Singapore: Netizens Reject Proposed Code of Conduct

As a country with a high level of Internet penetration, a vibrant online community has sprung up in Singapore over the past few years. Blogs such as The Online Citizen, and Temasek Review Emeritus have sprung up to counter traditional mainstream media outlets such as The Straits Times and Channel NewsAsia.

After the General Election of 2011 – the first elections in which blogs and social media made a huge impact – the government is now proposing an Internet Code of Conduct to combat issues of anonymity, false rumours and even extremism and terrorism. Government ministers are calling on prominent members of the online community to come forward and create a code of conduct to regulate the Internet.

Most socio-political bloggers, however, have come out against this proposal, asking that the government leave the Internet alone. Many feel that the government's constant harping on this issue betrays a desire to control Singaporeans’ freedom of expression online just as they do offline.

No to Internet Code of Conduct image
No to Internet Code of Conduct image

Ng E-Jay is unconvinced of the logic or feasibility of a Code of Conduct:

How is anyone going to enforce such a code of conduct given the free-wheeling nature of the internet that knows no geographical boundaries? How is any organization supposed to develop a code of conduct that will reflect the overall sentiment of netizens without incurring vast skepticism pertaining to their political neutrality or lack thereof?

And what is the purpose of it all, when there are already adequate laws in place to deal with destructive behaviour like incitement to violence, sedition, sowing racial hatred, defamation, or spreading malicious rumours?

Siew Kum Hong writes that those who want to make their views heard online should also be ready and willing to stand up against any potential onslaught, just like those who have spoken out against the establishment in the past:

Yes, I fundamentally believe that it is better to have more voices speaking up than less. But people have to be willing to stand up for their views — and I have to question the commitment of anyone who thinks that being flamed and criticised is too high a price to pay, and that growing the thick skin that is really just the ante for online participation today is too difficult for them.

Those of us who have stood up and spoken up on views deemed anti-establishment and anti-Government bear our own risks in doing so. Defamation lawsuits, sniping and flaming, cyber-harassment, invasion of privacy, police complaints, possible threats to employment prospects, and yes the Internal Security Act — these threats and risks all come with the territory.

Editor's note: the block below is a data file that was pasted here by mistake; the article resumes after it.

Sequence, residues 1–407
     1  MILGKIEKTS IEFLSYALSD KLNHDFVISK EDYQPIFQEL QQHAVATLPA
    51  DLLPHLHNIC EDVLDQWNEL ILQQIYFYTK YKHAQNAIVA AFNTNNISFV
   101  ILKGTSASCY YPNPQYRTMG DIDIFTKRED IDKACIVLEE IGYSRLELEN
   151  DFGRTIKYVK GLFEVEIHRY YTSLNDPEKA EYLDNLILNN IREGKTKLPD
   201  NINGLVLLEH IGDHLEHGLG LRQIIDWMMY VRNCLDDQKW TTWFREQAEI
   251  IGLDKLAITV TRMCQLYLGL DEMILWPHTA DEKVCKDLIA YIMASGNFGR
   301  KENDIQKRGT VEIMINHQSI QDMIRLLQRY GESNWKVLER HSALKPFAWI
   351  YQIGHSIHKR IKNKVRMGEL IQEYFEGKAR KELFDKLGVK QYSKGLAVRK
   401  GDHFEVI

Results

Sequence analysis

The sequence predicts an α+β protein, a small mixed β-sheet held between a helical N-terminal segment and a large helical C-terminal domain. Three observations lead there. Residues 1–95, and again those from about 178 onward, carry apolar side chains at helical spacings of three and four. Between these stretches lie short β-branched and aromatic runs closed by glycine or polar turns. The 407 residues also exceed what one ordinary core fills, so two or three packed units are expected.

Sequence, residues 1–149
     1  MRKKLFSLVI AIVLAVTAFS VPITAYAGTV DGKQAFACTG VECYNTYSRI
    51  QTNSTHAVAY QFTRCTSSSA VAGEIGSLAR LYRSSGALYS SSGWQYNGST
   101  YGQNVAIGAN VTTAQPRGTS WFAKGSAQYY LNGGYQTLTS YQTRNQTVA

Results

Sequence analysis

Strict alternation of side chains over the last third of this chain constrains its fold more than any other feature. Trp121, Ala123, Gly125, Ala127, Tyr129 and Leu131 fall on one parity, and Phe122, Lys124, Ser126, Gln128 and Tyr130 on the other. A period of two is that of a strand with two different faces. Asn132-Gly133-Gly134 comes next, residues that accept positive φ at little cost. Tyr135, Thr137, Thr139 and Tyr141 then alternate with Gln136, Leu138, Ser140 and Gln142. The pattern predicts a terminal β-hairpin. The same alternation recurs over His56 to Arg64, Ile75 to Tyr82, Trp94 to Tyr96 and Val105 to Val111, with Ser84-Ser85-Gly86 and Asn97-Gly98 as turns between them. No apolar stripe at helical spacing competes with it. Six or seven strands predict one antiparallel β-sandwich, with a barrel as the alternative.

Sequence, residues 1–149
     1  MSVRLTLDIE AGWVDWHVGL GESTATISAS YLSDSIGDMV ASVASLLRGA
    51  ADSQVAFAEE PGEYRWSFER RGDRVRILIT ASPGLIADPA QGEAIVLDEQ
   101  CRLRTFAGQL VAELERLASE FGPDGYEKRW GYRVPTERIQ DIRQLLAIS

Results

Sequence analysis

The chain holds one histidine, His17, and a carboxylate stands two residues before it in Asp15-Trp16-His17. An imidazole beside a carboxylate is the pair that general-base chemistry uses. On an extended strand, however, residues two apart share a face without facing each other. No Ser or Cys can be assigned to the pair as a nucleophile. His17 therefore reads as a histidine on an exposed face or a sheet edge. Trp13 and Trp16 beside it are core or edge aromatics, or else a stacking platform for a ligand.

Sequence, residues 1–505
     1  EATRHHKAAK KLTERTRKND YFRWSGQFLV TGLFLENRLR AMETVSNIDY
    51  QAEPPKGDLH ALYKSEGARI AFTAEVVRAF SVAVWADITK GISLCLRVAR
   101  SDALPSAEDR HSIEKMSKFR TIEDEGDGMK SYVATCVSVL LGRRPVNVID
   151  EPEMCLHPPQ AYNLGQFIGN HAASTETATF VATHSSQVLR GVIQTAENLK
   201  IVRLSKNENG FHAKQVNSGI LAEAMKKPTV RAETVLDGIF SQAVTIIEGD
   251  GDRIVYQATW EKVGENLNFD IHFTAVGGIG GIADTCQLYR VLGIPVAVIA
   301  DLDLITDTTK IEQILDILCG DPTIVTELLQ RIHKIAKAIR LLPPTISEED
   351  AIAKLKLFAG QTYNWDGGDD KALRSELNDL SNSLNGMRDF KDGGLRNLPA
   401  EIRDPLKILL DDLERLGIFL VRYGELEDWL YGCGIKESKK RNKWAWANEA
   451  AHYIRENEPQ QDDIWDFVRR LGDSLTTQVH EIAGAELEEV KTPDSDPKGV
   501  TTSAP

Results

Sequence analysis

An online code of conduct will do nothing to protect us from those risks. And yet we continue to do what we do. I cannot speak for others, but I have very limited sympathy for those with such thin skins that they shy away from speaking up just because of the risk that they may be flamed. Compared to what some have experienced and undergone, that almost sounds trivial.

Andrew Loh asks the government to leave the online community alone, explaining that there is a lack of trust between the bloggers and the government:

It is woeful that, after 5 decades of this so-called “nation building” mainstream media, Singaporeans feel more disenchanted with it than ever. It can laud itself with all the (in-house) awards it wants, or even win international awards for design and paper quality, the truth is that our mainstream media lacks the kind of top quality journalism a first world country like ours desperately needs.

Yet, Yaacob Ibrahim, like ministers before him, continues to bury his head in the sand and praises the mainstream media to the high heavens.

It just tells me, and everyone else, how woefully inadequate his understanding of public sentiments is.

It is this which makes me reject any intrusion into the online space by the government, no matter how well-intentioned its purpose may be. There is a great distrust of the government among online practitioners.

Elaine Ee believes that the Code of Conduct will not be a solution. Instead, the government should free up the mainstream media:

What we need instead is a new journalistic environment, where the mainstream media are as free to tackle issues and make opinions as new media. Mainstream media needs to be allowed to move with the times, and be released from its public relations role of helping with “nation building” and social cohesion, which should never have been its job in the first place. Even if Mica stubbornly clings to this top-down media model it doesn’t mean readers will, and unless the mainstream media is opened up, new media will always have the edge.

This means both allowing existing mainstream media to cover things more openly and critically as well as allowing more mainstream media channels to emerge that represent different points of view. So we end up with a media landscape where there is space for, say, a range of newspapers that represent a spectrum of views, from conservative to liberal.

It does not seem as if the government is going to give up on its idea of establishing a Code of Conduct despite such resistance from the online community. But if they want it to be a project willingly undertaken by the online community, it seems like they have much more convincing to do.


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